This week was an incredibly cool one. Thanks to the generosity of Simon & Schuster, and the author herself, I was able to chat with LUCKIEST GIRL ALIVE author Jessica Knoll about her debut novel, her career, and her current reads! It was a dream come true for me to get to talk with the author of one of my favorite thrillers of the year. Jessica was extremely personable, well-spoken, and thoughtful, and I'm so excited to share what I learned from her with you!
WARNING: SPOILERS AHEAD!
I did not record my conversation with Jessica. Instead, I will paraphrase a few of my favorite bits of information that I learned from my conversation with her!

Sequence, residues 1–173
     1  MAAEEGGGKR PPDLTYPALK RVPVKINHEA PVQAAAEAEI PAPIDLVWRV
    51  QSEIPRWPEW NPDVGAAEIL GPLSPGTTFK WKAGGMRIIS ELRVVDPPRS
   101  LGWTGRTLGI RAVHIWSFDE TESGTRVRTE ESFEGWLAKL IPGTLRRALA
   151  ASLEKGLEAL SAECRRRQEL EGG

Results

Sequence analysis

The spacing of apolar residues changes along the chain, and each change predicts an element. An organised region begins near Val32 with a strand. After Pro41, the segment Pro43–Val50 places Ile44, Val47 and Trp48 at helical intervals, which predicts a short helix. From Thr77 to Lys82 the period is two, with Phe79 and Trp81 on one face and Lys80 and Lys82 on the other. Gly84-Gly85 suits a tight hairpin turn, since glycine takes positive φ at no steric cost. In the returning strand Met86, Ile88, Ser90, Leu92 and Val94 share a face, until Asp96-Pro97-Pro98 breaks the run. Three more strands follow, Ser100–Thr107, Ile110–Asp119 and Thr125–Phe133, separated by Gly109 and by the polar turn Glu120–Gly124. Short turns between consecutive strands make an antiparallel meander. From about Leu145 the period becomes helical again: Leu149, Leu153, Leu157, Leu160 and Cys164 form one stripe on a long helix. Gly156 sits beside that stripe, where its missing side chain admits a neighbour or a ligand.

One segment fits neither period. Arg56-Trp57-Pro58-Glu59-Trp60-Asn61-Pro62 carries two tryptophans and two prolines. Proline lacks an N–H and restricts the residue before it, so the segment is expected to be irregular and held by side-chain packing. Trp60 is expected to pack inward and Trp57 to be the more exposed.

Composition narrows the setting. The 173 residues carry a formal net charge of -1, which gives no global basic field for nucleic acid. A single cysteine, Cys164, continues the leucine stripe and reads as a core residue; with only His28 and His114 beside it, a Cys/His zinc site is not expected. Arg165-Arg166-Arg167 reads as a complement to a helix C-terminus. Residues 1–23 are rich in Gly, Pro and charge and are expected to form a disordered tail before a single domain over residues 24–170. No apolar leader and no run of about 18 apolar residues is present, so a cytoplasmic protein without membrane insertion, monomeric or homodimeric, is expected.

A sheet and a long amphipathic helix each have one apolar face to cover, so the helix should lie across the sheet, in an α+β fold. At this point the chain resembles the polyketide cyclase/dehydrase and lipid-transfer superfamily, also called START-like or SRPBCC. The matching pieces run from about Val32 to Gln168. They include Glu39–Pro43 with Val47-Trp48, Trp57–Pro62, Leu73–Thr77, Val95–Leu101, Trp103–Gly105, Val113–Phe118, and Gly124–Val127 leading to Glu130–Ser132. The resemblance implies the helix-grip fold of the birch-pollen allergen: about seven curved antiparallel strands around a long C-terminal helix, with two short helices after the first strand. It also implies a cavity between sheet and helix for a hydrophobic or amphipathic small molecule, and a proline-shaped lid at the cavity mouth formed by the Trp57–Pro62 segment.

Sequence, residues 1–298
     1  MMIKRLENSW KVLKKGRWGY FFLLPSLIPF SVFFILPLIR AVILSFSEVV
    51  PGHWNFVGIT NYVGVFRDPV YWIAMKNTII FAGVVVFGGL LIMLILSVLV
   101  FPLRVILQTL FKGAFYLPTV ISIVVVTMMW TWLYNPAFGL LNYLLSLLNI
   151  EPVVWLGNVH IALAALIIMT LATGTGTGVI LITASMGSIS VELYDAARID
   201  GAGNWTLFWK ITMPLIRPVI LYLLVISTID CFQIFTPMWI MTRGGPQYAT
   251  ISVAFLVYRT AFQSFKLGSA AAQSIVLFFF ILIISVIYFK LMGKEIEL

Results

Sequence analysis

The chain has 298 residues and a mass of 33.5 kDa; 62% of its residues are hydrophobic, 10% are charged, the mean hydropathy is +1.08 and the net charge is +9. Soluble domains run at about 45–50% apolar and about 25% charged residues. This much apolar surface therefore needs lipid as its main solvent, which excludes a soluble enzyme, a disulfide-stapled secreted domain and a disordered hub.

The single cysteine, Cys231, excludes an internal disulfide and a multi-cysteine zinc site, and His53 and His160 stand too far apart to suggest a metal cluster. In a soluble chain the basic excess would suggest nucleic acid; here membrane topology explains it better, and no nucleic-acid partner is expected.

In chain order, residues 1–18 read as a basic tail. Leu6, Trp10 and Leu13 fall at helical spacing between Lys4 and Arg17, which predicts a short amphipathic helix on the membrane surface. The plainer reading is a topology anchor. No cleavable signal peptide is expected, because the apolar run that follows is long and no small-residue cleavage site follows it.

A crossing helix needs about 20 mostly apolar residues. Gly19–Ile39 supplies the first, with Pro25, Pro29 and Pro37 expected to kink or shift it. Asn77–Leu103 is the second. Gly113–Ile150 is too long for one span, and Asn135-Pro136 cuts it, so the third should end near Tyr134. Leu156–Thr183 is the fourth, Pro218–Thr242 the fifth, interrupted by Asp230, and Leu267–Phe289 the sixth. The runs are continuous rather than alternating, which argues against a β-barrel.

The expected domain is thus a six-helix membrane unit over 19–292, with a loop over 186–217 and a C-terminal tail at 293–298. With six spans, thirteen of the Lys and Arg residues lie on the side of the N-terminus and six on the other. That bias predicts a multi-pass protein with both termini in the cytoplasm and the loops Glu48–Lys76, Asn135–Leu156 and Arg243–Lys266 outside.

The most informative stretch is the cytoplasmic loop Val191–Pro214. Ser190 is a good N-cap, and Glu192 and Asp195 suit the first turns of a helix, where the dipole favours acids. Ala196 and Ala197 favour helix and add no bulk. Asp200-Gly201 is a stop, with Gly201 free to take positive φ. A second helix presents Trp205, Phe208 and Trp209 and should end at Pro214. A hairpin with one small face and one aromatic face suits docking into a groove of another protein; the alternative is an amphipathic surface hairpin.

- Many of Ani's experiences in the magazine world are loosely based on Jessica's own experiences. Before writing her debut novel, Jessica worked at Cosmopolitan and Self. I was curious how closely her own experiences matched Ani's—specifically, I wanted to know if the NYC magazine publishing world really is so obsessed with labels. (That's totally foreign to me, in my reference book publishing world.) Of course Ani's personal obsession with building the perfect appearance for herself factors into the intensity of the label-obsession portrayed in this book, but Jessica explained that during her time at Cosmo, a definite shift occurred towards a more fashion-forward culture, and she wanted to reflect a bit of this in the world she built for Ani.